The Dressage Scales of Training: Connection (Part 3 of 6)

07/09/2022

Welcome to our third instalment on the scales of training. In parts one and two, we discussed the first two scales: rhythm and suppleness. In part three, we’ll be looking at connection – or contact, as some people call it. 

Not only will you learn exactly where the scales of training came from and how they relate to one another, but also what connection refers to and how to identify a horse who shows good connection. Plus, we’ll look at why contact and connection actually mean (slightly) different things. 

If you haven’t done so yet, read part one (rhythm) and part two (suppleness) for a better overall understanding of the pyramid of training.

What the ‘Scales of Training’ Means

Originally, the scales of training were used in training of the German military horses. Although there are fewer horses used for cavalry purposes today, equestrian sport (and dressage in particular) still strive for a horse who is rideable, responsive, and supple. As a result, the scales of training are just as relevant today as they were then. Since then, the scales of training (also called the pyramid of training) have been translated into English, and are used globally as a reference point for how to school a horse. 

Thinking of the scales of training as a pyramid is often helpful. This pyramid is composed of six elements which are interrelated. That said, the lower scales form the foundation (or base of the pyramid) upon which the higher scales are built.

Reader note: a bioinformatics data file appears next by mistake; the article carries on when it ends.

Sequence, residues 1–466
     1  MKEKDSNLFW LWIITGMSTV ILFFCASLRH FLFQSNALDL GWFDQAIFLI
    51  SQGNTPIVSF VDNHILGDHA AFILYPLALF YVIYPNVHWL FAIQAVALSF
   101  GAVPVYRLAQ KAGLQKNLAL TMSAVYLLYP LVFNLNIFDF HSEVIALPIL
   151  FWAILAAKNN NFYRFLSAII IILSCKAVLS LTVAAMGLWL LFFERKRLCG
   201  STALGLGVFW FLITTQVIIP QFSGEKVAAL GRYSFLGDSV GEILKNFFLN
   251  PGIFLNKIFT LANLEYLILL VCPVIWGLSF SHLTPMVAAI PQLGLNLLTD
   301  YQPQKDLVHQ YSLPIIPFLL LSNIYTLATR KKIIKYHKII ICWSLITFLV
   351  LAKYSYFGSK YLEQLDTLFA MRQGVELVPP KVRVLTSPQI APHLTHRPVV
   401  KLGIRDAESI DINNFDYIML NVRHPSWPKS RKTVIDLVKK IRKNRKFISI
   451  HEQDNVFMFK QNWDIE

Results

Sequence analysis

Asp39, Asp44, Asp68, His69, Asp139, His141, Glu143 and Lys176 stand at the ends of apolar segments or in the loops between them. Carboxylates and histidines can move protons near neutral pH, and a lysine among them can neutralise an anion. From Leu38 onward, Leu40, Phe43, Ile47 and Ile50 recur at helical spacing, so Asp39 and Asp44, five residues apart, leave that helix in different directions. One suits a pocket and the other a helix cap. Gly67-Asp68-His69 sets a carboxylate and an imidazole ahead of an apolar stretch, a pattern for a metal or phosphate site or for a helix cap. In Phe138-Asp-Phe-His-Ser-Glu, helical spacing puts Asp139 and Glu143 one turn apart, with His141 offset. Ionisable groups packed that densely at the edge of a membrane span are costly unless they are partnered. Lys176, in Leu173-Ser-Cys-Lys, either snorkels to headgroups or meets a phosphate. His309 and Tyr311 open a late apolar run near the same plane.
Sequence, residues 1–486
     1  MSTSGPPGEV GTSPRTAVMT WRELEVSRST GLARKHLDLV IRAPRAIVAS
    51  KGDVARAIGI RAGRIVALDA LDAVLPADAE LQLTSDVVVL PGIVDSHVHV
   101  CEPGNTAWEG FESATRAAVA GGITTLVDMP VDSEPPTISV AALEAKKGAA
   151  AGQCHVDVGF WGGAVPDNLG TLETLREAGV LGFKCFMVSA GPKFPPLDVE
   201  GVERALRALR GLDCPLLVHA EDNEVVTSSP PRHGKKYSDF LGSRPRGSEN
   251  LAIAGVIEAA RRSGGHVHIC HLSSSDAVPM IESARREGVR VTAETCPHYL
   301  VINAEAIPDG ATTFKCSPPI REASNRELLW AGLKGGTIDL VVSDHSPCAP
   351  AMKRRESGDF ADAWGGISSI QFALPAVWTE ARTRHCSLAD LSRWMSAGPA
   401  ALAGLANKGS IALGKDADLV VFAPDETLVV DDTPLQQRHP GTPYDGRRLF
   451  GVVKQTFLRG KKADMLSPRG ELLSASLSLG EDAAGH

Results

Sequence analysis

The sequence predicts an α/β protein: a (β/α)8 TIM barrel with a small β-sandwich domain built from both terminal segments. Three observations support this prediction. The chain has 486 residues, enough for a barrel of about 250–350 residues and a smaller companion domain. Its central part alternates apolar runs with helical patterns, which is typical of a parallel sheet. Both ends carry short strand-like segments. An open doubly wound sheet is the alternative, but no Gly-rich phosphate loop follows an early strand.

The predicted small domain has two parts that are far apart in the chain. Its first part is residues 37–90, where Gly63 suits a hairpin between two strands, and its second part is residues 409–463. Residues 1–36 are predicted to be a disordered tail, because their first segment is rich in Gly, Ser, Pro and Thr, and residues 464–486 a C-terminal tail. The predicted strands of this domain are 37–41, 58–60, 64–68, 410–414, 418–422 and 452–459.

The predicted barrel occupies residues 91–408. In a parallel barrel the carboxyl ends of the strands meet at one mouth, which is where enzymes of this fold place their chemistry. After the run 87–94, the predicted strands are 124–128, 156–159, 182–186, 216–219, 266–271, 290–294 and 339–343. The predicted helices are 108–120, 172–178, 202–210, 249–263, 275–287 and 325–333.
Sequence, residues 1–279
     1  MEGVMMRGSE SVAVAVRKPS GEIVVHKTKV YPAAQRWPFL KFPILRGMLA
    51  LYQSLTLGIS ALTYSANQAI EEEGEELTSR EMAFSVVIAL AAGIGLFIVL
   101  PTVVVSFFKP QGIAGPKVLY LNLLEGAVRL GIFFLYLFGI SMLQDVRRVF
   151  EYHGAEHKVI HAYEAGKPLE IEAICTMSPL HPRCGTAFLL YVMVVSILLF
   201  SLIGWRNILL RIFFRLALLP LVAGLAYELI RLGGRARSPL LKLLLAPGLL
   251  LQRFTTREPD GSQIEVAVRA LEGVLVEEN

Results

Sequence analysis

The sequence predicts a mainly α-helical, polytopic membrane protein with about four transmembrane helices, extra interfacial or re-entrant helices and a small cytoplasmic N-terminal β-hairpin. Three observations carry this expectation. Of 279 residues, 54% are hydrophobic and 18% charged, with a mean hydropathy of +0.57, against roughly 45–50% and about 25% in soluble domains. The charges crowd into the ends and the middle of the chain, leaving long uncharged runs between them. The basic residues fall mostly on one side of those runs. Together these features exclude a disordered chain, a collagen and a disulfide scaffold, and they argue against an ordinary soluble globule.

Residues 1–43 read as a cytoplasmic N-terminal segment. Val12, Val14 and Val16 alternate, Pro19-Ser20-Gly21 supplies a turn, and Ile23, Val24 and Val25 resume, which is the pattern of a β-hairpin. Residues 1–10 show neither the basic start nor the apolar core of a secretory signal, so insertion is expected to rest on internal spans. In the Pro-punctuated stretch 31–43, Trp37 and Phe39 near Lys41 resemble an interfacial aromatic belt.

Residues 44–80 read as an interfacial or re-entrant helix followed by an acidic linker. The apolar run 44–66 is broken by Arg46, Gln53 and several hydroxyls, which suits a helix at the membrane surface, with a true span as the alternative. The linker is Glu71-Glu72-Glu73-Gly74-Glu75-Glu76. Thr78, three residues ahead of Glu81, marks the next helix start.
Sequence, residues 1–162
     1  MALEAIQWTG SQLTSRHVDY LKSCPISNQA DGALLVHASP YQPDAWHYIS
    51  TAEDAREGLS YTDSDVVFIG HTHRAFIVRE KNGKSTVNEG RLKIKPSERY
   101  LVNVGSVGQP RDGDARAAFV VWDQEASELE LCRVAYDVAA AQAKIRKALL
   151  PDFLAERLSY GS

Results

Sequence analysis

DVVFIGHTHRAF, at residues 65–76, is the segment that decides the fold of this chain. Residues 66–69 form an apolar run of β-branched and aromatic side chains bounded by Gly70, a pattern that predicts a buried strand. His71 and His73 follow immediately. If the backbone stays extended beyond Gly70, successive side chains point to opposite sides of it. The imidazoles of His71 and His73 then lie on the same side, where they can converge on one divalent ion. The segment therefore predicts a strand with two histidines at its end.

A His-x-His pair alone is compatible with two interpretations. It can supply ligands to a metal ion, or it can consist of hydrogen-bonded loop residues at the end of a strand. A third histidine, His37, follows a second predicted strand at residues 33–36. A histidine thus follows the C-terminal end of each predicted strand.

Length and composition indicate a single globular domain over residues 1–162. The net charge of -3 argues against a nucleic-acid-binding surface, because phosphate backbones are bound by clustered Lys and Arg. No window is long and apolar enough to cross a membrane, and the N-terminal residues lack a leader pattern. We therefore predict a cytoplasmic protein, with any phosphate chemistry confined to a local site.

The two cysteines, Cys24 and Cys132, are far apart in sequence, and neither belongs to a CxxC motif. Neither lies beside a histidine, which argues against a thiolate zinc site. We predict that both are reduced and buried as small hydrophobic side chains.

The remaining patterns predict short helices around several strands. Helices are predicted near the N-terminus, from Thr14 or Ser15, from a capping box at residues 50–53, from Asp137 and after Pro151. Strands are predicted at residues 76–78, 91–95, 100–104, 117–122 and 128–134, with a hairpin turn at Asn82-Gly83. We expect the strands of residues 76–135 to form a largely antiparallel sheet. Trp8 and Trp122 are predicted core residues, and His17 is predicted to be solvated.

The six scales are:

  1. Rhythm
  2. Suppleness/Relaxation
  3. Connection/Contact
  4. Impulsion
  5. Straightness
  6. Collection

The scales are interrelated. The idea isn’t that each step must be 100% established or perfected before you can move on to the next scale. For instance, a 1st level horse doesn’t simply “finish” working on connection. If they did, the connection would be the same as it is in a Grand Prix horse, which isn’t true. So, you can almost always be improving upon each of the scales at any given time. However, they are very useful as a reference for understanding the general way in which a horse progresses up the grades.